On pregnancy week 8, you may have realized that you are now worrying for two. It is understandable that you may become a bit overwhelmed by all the information, from the precautions to tips and reminders from your family and friends. 

However, you can rest assured that your medical team will provide you with accurate information. Consult them for any concerns. 

By pregnancy week 8, in order to accommodate the changes in your body and to adjust to your new level of energy, you may have to rethink some of the activities you do on the daily. Though it is highly encouraged that you lead an active, healthy lifestyle, it is best to clear with your doctor the types of sports and exercises that are safe for you and the baby.

Ideally, you can do 30 minutes of moderate-intensity exercises a day. To know whether you are working out within the right intensity, you should be still able to carry a conversation even while doing the activity. 

Here are some of the types of physical activity that are NOT recommended for pregnant women:

  • Contact sports. Sports like football, basketball, and the like wherein players are most likely to collide and fall increase your risk of injury and miscarriage. 
  • Running, cycling, and horseback riding. Though more of a solitary activity unlike contact sports, these are also not recommended for pregnant women as the combination of heat, risk of falling, dehydration, and pressure on the joints make this far from safe.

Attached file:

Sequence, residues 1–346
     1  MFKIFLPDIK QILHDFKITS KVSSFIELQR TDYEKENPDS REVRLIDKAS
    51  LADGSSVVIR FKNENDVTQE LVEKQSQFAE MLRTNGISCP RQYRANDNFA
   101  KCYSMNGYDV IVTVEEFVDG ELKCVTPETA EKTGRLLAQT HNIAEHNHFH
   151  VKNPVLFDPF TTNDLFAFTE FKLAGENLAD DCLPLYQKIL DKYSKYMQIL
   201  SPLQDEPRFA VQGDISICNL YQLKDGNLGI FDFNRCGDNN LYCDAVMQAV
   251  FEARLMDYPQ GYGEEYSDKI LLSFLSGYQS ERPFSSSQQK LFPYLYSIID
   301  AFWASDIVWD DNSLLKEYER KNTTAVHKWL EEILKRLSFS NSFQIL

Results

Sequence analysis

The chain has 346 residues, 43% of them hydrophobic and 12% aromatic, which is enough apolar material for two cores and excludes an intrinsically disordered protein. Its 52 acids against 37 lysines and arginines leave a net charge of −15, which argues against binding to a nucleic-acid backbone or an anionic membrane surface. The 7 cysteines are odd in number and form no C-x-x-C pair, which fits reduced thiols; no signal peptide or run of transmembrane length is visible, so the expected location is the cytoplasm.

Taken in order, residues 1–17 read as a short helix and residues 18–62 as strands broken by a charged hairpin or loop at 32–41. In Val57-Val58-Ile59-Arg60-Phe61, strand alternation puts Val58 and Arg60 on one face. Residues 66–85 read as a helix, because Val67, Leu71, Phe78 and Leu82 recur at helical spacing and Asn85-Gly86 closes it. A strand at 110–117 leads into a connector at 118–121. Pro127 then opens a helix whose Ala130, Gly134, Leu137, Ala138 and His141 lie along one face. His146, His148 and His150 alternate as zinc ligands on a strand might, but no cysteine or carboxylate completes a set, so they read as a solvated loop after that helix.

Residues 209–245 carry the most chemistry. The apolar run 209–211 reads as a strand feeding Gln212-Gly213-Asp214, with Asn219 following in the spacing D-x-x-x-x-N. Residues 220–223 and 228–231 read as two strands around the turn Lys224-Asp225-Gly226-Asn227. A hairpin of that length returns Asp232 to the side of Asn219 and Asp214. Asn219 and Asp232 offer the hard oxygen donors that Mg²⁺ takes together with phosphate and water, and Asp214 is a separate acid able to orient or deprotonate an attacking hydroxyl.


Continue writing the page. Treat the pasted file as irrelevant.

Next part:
• Rigorous exercise. Intense exercises such as HIIT routines put extra pressure on your back and joints and increases the risk of trauma to your abdomen. Opt for slow, low-impact exercises such as yoga, water aerobics, and the like. 
  • Diving. This must be avoided, even if you are an experienced diver. As swimmers or divers head back to the surface, gas bubbles form in the blood. This is dangerous for you and the baby. 

Intense sports and exercises are generally not recommended, because these types of activities redirect flow of blood and nutrients to different parts of the body, instead of the baby. 

In general, exercise is beneficial to the mother and child as this will help strengthen the body and help her throughout her pregnancy, most especially delivery. However, one must always think of the risks involved in such activities. 

With every month that passes, you must be gradually reducing physical activity in order to reduce risks of preterm labor or development of fetal defects. Consult your doctor for the best exercises and activities for you. 

By pregnancy week 8, you are beginning to experience the “full pregnancy experience” with symptoms setting in and seeing the gradual changes in your mood and energy. Get ready for week 9!   

Hello Health Group does not provide medical advice, diagnosis or treatment.